By Brian Blackwell, Message staff writer
RAYVILLE, La. (LBM) – Pastor Eddie Wren turned on his television hours after Hurricane Laura made landfall in southwest Louisiana and was heartbroken as he saw images of damaged homes and residents weeping.
He knew the needs would be great in the days ahead and believed First Baptist Church in Rayville would step up to help, just as they did for Suburban Baptist Church in New Orleans after it was destroyed by a tornado in 2017.
Wren, who recalled that Louisiana Baptist Executive Director Steve Horn previously mentioned disaster relief response costs were high after storms like Laura, proposed during a Sept. 13 deacons meeting that they approve a $25,000 donation to disaster relief efforts. One deacon, who thought the goal should be higher, suggested the amount be doubled to $50,000 and that the church should hold a supply drive to fill a 6 by 12 ft. trailer.
Both motions were approved unanimously, and on Sept. 24 Wren and two members of his church delivered the $50,000 check to the state missions team at the Louisiana Baptist Building in Alexandria before they dropped off donated supplies at Trinity Baptist Church in Lake Charles.
“We are thankful we are able to do that,” Wren told the Baptist Message. “The Lord has blessed and we certainly want to use resources he gives us to bless other folks.
“All churches are different and all churches have different abilities to do different things,” he continued. “It’s kind of the way the body of Christ is.”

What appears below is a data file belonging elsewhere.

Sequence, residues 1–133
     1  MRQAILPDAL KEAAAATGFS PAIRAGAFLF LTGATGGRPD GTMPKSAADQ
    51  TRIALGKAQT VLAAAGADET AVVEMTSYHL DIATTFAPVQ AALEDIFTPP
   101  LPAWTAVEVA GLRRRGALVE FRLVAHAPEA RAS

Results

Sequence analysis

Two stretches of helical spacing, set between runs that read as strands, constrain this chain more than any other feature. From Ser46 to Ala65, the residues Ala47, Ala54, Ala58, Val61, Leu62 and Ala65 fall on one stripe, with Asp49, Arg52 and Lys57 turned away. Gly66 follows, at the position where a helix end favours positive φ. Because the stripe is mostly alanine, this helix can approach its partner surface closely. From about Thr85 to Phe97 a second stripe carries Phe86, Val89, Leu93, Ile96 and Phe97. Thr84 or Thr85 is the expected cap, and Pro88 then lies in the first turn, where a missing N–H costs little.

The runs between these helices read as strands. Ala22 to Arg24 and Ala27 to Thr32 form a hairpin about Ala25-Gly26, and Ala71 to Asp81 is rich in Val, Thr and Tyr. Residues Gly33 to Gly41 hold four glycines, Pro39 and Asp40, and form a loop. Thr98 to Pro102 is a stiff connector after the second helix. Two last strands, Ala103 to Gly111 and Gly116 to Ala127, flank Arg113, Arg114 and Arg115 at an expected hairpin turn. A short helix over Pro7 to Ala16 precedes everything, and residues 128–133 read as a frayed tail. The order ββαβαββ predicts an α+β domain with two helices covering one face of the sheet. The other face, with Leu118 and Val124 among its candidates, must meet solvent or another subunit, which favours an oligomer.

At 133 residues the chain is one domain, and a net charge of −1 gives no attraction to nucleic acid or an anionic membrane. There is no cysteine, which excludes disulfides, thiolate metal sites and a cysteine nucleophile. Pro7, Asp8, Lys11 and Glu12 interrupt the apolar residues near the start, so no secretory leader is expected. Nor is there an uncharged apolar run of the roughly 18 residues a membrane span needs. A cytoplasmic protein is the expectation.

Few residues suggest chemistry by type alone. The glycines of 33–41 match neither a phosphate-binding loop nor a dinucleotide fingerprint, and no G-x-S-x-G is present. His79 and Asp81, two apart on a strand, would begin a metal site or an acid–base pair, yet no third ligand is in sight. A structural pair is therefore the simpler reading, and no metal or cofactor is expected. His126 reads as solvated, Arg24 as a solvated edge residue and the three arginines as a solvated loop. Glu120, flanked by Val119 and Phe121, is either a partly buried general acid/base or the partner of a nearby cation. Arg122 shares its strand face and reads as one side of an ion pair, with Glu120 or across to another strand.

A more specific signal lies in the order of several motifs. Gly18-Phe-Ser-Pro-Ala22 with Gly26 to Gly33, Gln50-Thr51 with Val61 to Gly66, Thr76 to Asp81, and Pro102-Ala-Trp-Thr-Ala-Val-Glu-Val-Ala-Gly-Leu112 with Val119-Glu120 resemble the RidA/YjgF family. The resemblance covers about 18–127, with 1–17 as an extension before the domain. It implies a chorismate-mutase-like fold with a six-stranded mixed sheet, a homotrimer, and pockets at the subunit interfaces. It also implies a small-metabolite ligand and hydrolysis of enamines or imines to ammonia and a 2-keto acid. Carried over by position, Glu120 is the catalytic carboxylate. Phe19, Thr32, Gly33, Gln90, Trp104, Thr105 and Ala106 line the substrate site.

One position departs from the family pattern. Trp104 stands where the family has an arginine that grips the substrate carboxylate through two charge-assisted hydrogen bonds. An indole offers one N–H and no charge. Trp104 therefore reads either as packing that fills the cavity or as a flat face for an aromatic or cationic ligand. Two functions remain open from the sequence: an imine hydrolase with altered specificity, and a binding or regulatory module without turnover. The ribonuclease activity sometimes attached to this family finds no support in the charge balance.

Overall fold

In the future, Wren said First Baptist plans to send teams to help with relief efforts once his members, many who are farmers, harvest all their crops in mid-October.
“Right now we don’t have a ton of people who are able to go, but the Lord has blessed us in resources we can send and help in that way as other people are able to go,” he said. “We are stronger together. If all of our churches will work together and do the tasks the Lord gives, we will accomplish much for His Kingdom.”
Dale Lingenfelter, business and information services director for Louisiana Baptists, said the gift reinforces First Baptist Rayville’s generous spirit and their willingness to reach others for Christ.
“One thing that amazes me is the Southern Baptist network and how faithful they are,” he said. “Our network is so efficient and effective in carrying out our mission, whether it’s a person we are trying to reach with a tree on their home or a sister church that is damaged.”
Rayland Trisler, a church member who accompanied Wren on the Sept. 24 trip, is anticipating a return trip to southwest Louisiana with others from First Baptist Rayville.
“I want to encourage anyone who can to go one day or one week — go and volunteer,” he said. “The need is great. The need is going to continue for a while. There’s always someone who needs debris picked up in their home or a tree that needs to be removed from their house or they may need supplies. There is something for everyone to do.”